Lively, entertaining reviews of, and essays on, old and newer films and everything relating to them, written by professional author William Schoell.

Thursday, August 25, 2016


TARZAN AND THE LEOPARD WOMAN (1946). Director: Kurt Neumann.

Sworn to bring back Tarzan's body for fiendish jungle ritual! -- ad copy.

If only Tarzan and the Leopard Woman had delivered on the promise of its advertising tagline, even if it does, in a way, sum up the plot. High Priestess Lea (Acquanetta of Jungle Woman) of the Bogandis is working in cahoots with native-born Dr. Ameer Lazar (Edgart Barrier). The doctor feigns friendliness with the townspeople of Zambeza but is really out for vengeance. Lea and Lazar lead a group of cultists who wear leopard skins and claws to make it look as if real leopards are tearing apart their victims. Lea's young brother, Kimba (Tommy Cook), hopes to prove his manhood by stealing away someone's heart, and shows up at Tarzan's enclave pretending to be homeless and hungry. Boy (Johnny Sheffield) is suspicious about Kimba and the two have a fight, with Cheeta entering the fray. Lazar has several nubile schoolgirls kidnapped to be sacrifices, and also plans on killing Tarzan (Johnny Weissmuller), Boy, and Jane (Brenda Joyce). The best performance is delivered by little Tommy Cook, who previously appeared as the native boy Kimbu  in the excellent serial Jungle Girl, then grew up to amass 100 credits in such films as Missile to the Moon. Although the Tarzan series had become more kid-friendly by this time, Kimba's ultimate fate is rather grim. The other performances are pretty much what you would expect; Edgar Barrier is Edgar Barrier.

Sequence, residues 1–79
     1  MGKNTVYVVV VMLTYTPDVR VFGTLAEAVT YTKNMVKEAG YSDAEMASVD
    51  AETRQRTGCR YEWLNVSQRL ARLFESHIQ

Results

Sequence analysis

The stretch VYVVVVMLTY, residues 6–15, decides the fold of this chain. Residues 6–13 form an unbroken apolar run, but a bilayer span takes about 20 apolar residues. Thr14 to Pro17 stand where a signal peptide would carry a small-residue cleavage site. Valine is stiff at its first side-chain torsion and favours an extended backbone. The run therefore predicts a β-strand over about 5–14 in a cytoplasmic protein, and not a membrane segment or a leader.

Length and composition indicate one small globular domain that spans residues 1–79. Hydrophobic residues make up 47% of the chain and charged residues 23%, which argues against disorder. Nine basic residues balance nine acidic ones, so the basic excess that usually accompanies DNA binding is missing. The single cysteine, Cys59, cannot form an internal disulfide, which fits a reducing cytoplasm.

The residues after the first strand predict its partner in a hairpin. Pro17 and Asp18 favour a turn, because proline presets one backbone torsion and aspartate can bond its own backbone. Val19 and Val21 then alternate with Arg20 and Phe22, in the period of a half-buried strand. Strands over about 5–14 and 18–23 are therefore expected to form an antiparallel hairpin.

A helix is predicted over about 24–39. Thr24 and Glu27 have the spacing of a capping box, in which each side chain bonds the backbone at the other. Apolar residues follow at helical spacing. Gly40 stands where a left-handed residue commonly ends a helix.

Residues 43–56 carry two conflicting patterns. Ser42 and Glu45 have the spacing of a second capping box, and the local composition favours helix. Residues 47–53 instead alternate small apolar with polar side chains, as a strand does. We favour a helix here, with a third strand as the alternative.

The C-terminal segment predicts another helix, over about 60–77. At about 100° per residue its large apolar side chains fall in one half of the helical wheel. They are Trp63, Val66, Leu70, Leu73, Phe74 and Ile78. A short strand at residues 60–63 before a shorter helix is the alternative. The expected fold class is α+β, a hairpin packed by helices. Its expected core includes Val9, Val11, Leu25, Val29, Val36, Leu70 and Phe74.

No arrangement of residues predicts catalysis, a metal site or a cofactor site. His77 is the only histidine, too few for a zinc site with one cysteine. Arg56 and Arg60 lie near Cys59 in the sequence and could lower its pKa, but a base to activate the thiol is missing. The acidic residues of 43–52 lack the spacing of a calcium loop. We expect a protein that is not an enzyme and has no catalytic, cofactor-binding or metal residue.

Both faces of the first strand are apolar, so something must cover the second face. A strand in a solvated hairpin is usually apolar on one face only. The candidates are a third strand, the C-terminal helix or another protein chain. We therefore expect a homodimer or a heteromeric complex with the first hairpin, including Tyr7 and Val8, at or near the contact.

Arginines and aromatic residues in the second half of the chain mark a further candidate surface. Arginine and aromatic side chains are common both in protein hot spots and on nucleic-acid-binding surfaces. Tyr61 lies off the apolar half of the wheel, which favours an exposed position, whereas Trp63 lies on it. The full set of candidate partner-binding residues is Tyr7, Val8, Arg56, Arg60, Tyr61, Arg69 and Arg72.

Verdict: Acceptable Tarzan flick with a not-bad finale. **1/2.


angelman66 said...

I think by the mid-40s, the series was starting to get a bit creaky, and Johnny was outgrowing his loincloth a wee bit. Lex Barker did revitalize the series later on...

William said...

He sure did!